Colours used: 130 Old Lace, 173 Bluebell, 192 Scarlet, 205 Kiwi, 241 Parrot Green, 251 Garden Rose, 391 Deep Ocean Green, 411 Sweet Orange, 513 Apple Green, 514 Jade, 518 Marshmallow.
3.00mm crochet hook
Lockable stitch marker
Tapestry needle
Toy stuffing
Pencil or tailor’s chalk (optional)

Finished size 
The completed bauble measures approximately 9cm (3.5”) in
height and 14cm (5.5”) in circumference around the biggest


Ch – chain 
Dc (US sc) – double crochet (US single crochet)
Dc2tog (US sc2tog) – double crochet two stitches together (US single crochet two stitches together)
Ss – slip stitch 
St(s) – stitch(es) 
Rd(s) – round(s) 
Rep – repeat 
Magic Loop – You will find tutorial on how to make Magic Loop on my website:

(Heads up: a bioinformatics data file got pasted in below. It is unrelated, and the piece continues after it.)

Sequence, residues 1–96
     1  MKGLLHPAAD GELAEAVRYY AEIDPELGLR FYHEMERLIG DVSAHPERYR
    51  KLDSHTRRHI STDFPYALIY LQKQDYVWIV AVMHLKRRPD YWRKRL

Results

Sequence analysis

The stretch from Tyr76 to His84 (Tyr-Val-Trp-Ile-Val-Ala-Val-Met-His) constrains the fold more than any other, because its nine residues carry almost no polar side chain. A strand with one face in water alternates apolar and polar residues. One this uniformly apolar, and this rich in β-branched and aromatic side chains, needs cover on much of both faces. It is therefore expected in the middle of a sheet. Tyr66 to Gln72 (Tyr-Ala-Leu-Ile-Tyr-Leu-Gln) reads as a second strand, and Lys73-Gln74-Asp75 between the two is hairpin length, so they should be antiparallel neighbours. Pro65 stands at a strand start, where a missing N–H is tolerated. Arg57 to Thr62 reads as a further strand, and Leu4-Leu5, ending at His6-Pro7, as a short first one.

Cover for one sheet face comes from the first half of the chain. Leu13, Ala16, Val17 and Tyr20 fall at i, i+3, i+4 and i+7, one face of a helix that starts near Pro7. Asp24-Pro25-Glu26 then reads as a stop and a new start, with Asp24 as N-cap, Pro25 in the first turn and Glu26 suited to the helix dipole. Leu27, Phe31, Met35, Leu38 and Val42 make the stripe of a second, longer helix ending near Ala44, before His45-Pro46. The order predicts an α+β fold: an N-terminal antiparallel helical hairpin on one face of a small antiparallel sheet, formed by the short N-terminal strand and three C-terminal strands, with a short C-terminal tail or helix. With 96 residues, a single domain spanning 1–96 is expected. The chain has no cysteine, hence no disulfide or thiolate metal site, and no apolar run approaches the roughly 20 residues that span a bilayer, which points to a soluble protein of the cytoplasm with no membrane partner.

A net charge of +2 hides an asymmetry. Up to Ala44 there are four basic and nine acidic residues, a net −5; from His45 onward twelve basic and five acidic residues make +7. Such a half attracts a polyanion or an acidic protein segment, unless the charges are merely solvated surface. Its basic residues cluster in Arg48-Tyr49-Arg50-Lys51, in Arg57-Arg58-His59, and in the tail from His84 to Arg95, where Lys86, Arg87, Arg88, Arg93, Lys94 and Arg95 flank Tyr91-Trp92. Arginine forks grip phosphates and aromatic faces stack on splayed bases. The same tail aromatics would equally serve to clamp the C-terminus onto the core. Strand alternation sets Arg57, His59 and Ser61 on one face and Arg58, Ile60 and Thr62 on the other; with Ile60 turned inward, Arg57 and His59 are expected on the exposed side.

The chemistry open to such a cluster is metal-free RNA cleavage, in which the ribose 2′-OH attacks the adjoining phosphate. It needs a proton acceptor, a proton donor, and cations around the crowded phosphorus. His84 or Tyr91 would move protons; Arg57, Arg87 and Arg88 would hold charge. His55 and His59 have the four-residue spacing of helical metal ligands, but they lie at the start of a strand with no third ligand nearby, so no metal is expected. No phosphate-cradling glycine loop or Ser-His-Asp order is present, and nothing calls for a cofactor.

Pattern note – Please note that pattern is written using UK terminology with US conversion given in abbreviation list.


Using chosen colour make a Magic Loop. 
Rd 1: ch 1, 8 dc into Magic Loop, pull tight on the tail to close up opening, ss to first dc.
From now on you will work in continuous spiral, which means you will not ch 1 at the beginning of round and slip stitch to close round. Placing a marker on the first stitch of round is vital to denote the beginning of round. Move the marker up on every row. 
Rd 2: * 2 dc into next st, 1 dc into next st, rep from * to end. (12 dc) 
Rd 3: 1 dc into every st to end. 
Rds 4 & 5: as rds 2 & 3. (18 dc) 
Rd 6: * 2 dc into next st, 1 dc into each of next 2 sts, rep from * to end. (24 dc) 
Rds 7 to 10: 1 dc into every st to end. 
Rd 11: * 2 dc into next st, 1 dc into each of next 3 sts, rep from * to end. (30 dc) 
Rds 12 to 16: 1 dc into every st to end. 
Rd 17: * dc2tog, 1 dc into each of next 2 sts, rep from * to last 2 sts, dc2tog. (22 dc)
Begin stuffing the bauble.